A: Do you live to work or work to live? Life is too short for the former. Dr. T.
Barry Brazelton recommends not giving all your energy to work, holding back
some intensity for your home. Use the commute home to separate from work.
Listen to your favorite relaxing music. Plan something fun on the weekends.
Ask yourself, “Who am I when I’m not at work? How do I want to evolve and
Visualize having a chest or box for work. When you leave the office, shut
the lid on the box. Make sure your life box has enjoyable activities in it. You can
also use your hands. With first finger and thumb, close up the workspace. Open
your palm to receive life energy.
Q: I’m on a track team for my school. I’ve never won a meet although I’ve
beaten every one of the other guys in other events. How can I win?
A: Instead of thinking of winning as putting yourself above the others and being
conceited, think of it as fun and being an example to others of how to be
successful. You can complement the other runners on their performance. Also,
visualizations help focus your bodymind. Imagine a pulley connecting you to the
finish line, pulling you faster, effortlessly. Athletes like Tiger Woods spend a lot
of time mentally rehearsing their movements. Think about where you plateau in
terms of your fastest time, and then use energy psychology like EFT to break
through your performance ceiling.
Getting a Job
Q: I’m going to face a very important job interview soon, critical to my future.
A: Think of it like dancing. If you focus on how you’re doing, your performance,
you break the flow and feel awkward. Keep your attention on the other person,
maintain eye contact, and think about her or his needs. As a question is being
asked, ask yourself what does she or he really want to know and speak to that
intent. Have answers prepared in advance about your strengths and
weaknesses, what you have to offer the workplace, and any deficits in your
training and experience.
Turn any deficit into a positive, as by saying “It’s true I don’t have a lot of
experience, but I have a lot of energy to bring to the job and you’ll find me a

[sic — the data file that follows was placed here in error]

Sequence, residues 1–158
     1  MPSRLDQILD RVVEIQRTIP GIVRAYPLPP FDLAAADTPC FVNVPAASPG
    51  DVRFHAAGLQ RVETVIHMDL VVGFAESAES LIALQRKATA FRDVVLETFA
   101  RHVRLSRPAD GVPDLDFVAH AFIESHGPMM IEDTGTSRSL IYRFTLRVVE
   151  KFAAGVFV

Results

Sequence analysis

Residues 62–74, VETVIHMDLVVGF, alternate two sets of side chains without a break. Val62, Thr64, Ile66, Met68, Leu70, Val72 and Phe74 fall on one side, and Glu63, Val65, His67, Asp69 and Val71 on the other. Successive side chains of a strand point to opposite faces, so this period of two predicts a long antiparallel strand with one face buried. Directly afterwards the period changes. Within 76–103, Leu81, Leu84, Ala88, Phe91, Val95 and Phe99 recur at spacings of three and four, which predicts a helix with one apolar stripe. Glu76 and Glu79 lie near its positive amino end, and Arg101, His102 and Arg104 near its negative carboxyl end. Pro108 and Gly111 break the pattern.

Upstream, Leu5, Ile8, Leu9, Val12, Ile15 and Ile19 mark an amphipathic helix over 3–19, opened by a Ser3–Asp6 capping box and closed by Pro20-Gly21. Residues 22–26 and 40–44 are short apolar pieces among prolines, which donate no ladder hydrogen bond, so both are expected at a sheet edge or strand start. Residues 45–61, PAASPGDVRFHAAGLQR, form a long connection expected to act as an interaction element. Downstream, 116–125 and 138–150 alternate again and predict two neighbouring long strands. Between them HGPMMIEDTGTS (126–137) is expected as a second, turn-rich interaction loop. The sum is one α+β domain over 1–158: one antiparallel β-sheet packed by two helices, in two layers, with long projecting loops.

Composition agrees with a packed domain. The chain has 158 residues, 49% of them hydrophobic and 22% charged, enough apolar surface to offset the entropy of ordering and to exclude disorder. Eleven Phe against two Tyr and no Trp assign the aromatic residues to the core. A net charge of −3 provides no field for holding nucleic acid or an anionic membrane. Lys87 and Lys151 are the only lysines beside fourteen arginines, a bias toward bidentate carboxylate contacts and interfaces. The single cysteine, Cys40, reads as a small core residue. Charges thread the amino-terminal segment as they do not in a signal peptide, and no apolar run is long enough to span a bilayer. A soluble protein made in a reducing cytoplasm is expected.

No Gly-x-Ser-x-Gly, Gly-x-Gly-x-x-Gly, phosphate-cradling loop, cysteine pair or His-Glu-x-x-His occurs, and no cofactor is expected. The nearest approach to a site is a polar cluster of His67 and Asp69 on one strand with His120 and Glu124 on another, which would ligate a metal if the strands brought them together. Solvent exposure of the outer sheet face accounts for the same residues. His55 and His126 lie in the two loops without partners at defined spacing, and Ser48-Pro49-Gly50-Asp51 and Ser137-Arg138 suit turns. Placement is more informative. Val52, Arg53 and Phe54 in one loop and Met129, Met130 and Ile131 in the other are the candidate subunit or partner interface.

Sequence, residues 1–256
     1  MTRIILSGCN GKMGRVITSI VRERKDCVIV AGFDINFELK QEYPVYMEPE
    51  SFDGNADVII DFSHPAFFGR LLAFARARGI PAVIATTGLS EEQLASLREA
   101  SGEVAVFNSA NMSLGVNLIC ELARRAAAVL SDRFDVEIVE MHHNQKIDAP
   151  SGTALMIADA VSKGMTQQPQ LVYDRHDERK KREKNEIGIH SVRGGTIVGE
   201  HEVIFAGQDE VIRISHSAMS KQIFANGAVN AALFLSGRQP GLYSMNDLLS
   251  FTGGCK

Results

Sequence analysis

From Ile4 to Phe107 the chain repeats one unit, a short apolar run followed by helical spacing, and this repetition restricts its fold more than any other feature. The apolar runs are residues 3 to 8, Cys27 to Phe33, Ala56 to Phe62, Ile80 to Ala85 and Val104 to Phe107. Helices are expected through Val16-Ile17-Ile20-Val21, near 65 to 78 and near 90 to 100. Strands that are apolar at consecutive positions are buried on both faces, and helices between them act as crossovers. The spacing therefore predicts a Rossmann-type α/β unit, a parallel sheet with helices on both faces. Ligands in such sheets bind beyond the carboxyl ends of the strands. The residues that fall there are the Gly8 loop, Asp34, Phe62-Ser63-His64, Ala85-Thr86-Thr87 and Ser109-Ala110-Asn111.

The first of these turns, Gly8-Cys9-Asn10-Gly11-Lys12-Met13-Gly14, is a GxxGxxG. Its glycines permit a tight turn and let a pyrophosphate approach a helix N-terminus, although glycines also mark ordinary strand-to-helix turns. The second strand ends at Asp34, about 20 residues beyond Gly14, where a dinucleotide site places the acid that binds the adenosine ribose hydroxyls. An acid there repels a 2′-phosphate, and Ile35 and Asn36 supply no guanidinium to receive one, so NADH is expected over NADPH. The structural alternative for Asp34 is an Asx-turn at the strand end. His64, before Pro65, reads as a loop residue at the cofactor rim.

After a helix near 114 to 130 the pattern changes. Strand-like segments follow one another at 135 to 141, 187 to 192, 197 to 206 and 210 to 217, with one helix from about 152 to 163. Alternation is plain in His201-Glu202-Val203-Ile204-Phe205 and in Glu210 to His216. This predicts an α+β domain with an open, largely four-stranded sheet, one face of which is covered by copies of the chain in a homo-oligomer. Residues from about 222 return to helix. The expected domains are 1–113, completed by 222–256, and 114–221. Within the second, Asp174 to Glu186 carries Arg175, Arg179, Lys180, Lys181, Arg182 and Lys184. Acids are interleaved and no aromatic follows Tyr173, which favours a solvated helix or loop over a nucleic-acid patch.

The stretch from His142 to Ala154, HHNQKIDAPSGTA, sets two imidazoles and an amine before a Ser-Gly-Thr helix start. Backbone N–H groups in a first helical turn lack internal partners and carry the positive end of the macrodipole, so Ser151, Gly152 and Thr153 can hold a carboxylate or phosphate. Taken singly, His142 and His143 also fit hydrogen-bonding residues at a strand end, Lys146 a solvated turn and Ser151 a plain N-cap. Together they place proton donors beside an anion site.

quick learner.” Make sure you do your homework about the prospective
employer, including the workplace culture. Research their values statement or
credo so you can include their buzzwords in your answers. Visualize yourself
feeling exhilarated at the end of the interview, proud of your performance.
Prepare by videotaping yourself in a mock interview to become aware of
distracting mannerisms and hand gestures and repeated filler words (“you
know,” “umm”) and slang. Get feedback from a career counselor if possible.
Women especially need to make declarative statements rather than the
questioning inflections used by subordinates. I’ve heard many young women
introduce themselves, “My name is Heather?” Also watch for head cocking
toward the shoulder, giggling, or a high voice tone that come across as girlish.
Practice lowering your voice to a deeper register.
A survey of college career counselors ranked these attributes as most
important to employers: being a team player, intelligence, professional
demeanor, organizational skills, friendliness, ability to take orders, and a sense
of humor. A survey of employers by the National Association of Colleges and
Employers ranked ability to communicate, work experience, and motivation as
the top three. Note: the average person changes jobs around 13 times.
*Job search sites: http://www.careerexperience.com (see advice section);
joboptions.com; Vault.com; wetfeet.com; Hoovers.com; ask.com;